The universally accepted function of religion is to protect society from social and moral degradation and to guide its destiny in such a way as to achieve the greatest good of the largest number of people. Whenever the universal human values are on the decline, religion is thought to have failed in doing its duty of guiding the Society. The more a religion tends to unite people and to strive for the service of humanity, the nearer it is to its aim. The world has seen many religions at different times. Sikhism is one of them and perhaps the latest.
Sikhism is an endeavour to create a union of all those who love God and serve humanity.
A devout Sikh respects the adherents of all other faiths irrespective of the differences of creed and ways of worship. The example was set by Guru Nanak who made friend with an untouchable (low caste) Muslim named Mardana and kept his friendship till death without even once asking him to renounce Islam and to accept the Guru's religion.
The same is reflected in the Sikh Holy Scripture, Sri Guru Granth Sahib, regarded as the Living (Shabad or Word) Guru, of the Sikhs. The universal teachings of Sri Guru Granth Sahib is for the benefit of humankind. Side by side with the hymns of Sikh Gurus are recorded the hymns of a king, a Brahman, a barber, a Muslim and an untouchable (so-called shudra) all professing different religions. Its message, as the Guru himself put it: "is for all the four castes" *and the whole of humanity.
Guru Gobind Singh, the tenth Guru of the Sikhs, had a number of Muslims in his army fighting against the tyrannical Mughal empire. Last but not least the foundation stone of the Holiest shrine of the Sikhs, Sri Harimandar Sahib (also known as the Golden Temple) was laid by a Muslim, Sayeen Mian Mir.
For the Sikh the whole humanity is a united family, a brotherhood under one God. Duncan Greenless has summed up Sikhism as "the religion taught through Guru Nanak in the forms of the Ten Gurus and now through the Guru Granth Sahib and the whole community of disciples. It is a practical way of life, leading man straight to his goal, and does not involve itself in verbose theorising."
- Guru Nanak Dev Ji
- Guru Angad Dev Ji
- Guru Amar Das Ji
- Guru Ram Das Ji
- Guru Arjan Dev Ji
- Guru Hargobind Sahib Ji
- Guru Har Rai Ji
- Guru Har Krishan Ji
- Guru Tegh Bahadur Ji
- Guru Gobind Singh Ji
- Kirat Karna - Honest labour
- Wand Ke Chhakna - Sharing with others
- Parcha Shabad Ka - Understanding Gurbani
- Nam Japna - Meditation or contemplation on the Name of God
- Sarbat Da Bhala - Well-Being of Human Race
- Nishkam Seva Sambhal - Selfless service
- Ishnan and Darshan Ishnan - Purity of mind and body
- Sacha Achar - Keeping good moral character
- To be always in Charhdi Kala - Optimism-exalted spirit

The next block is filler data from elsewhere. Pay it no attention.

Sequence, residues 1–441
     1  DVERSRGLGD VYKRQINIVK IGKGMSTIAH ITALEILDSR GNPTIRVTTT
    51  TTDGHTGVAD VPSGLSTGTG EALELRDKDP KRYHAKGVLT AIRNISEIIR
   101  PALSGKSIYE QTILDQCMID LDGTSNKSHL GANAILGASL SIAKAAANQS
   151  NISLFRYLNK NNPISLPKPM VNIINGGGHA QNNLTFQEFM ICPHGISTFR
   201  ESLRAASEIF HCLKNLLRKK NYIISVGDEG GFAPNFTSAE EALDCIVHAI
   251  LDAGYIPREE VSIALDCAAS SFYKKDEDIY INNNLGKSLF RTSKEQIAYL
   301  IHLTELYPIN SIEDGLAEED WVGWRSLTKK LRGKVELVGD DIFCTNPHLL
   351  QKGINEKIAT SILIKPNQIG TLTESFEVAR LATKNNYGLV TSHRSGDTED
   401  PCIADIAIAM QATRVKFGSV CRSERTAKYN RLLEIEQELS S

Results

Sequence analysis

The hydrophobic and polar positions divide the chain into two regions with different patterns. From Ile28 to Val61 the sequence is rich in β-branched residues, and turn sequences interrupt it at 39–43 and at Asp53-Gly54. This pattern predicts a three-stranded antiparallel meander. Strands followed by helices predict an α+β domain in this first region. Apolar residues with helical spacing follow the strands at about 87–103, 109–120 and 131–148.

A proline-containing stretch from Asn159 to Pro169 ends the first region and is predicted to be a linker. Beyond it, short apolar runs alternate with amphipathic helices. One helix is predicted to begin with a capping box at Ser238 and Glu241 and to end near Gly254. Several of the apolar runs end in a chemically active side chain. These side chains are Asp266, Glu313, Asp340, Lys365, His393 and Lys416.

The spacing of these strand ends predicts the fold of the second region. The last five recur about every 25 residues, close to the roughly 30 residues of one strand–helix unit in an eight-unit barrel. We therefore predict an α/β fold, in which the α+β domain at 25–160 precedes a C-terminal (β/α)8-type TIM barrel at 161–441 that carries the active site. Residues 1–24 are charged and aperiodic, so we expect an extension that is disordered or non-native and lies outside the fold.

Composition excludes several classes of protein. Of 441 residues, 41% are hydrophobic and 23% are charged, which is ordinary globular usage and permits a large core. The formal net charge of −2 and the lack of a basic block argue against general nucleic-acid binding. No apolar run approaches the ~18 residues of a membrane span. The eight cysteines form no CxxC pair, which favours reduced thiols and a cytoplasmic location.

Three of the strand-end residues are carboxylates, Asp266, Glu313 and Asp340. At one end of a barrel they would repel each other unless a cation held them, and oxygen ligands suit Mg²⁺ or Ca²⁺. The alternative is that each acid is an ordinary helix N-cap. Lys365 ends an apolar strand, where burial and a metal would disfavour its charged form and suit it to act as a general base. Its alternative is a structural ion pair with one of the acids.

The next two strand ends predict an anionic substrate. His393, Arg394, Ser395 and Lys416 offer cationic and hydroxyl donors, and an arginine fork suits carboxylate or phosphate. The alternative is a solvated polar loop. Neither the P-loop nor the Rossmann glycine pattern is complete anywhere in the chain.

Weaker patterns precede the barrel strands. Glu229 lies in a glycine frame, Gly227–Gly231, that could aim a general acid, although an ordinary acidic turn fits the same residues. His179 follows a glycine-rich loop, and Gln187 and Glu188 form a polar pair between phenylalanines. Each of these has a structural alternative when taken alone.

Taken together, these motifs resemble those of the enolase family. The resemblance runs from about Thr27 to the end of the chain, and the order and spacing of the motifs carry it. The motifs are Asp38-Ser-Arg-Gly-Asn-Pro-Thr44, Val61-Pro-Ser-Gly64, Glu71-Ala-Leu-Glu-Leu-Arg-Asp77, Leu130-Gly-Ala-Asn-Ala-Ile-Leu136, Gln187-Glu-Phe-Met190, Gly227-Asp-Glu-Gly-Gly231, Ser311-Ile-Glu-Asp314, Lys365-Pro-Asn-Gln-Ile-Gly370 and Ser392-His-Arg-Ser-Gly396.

- Universal Brotherhood
- Code of Conduct
- Amrit Ceremony
- Educational Institutions of the Sikhs
- Sri Akal Takht Sahib, Amritsar (Punjab)
- Takht Sri Harmandar Sahib, Patna (Bihar)
- Takht Sri Kesgarh Sahib, Anandpur (Punjab)
- Takht Sri Hazur Sahib, Nanded (Maharashtra)
- Takht Sri Damdama Sahib, Talwandi Sabo (Punjab)
- The Sikh Festival Calendar
- An A-Z Sikhism Glossary
- General Questions on Sikhism
- God and His Universe
- The Sikh History
- Sacred Literature
- Worship, Ceremonies and the Future
- Sikhism & Modern Problems
DISCIPLINE OF A SIKH
Sikhism has always been very clear about the discipline required of a Sikh. In fact, Guru Ram Das, the fourth Guru Nanak, laid down an aspect of the discipline required for a Sikh's everyday life.
"Let him, who calls himself a Sikh of the True Guru,
Rise early and meditate on God;
Let hint exert himself in the morning and bathe in the tank of Nectar,
Let him repeat God's Name;
under the Guru's instruction;
Thus shall his sins and errors-be erased.
Let him at sunrise sing the Guru's hymns;
Sitting or standing, he should meditate on God's Name.
The Disciple, who at every breath, meditates on God;
will please the Guru's heart.
He alone takes the Guru's instruction;
who is by the Lord's mercy so guided.
The slave Nanak seeks the dust of the feet of him,
Who himself repeats Gods name, and leads others to do so."
(Guru Granth Sahib, pg 305-306)
Meditation on the Name of God (Naam Simran) was and is the most important thing for Sikhs living by a discipline prescribed clearly by the Guru.
The Sikh Rehat Maryada
As per the constitution The Sikh Missionary Society follow the the code of conduct as laid down by the REHAT MARYADA approved and published by Shromani Gurdwara Prabandhak Committee, Amritsar and Sri Akal Takhat Sahib.
To receive a FREE copy of the Rehat Maryada from the Sikh Missionary Society please send a stamped self addressed envelope ( Sizes 22cm wide and 15 cm height.) to the following address
Free Rehat Maryada
Sikh Missionary Society
10 Featherstone Road,
Most of the literature on Sikhism, Sikh History, tradition and culture is supplied free of charge to anyone who is interested in Sikhism.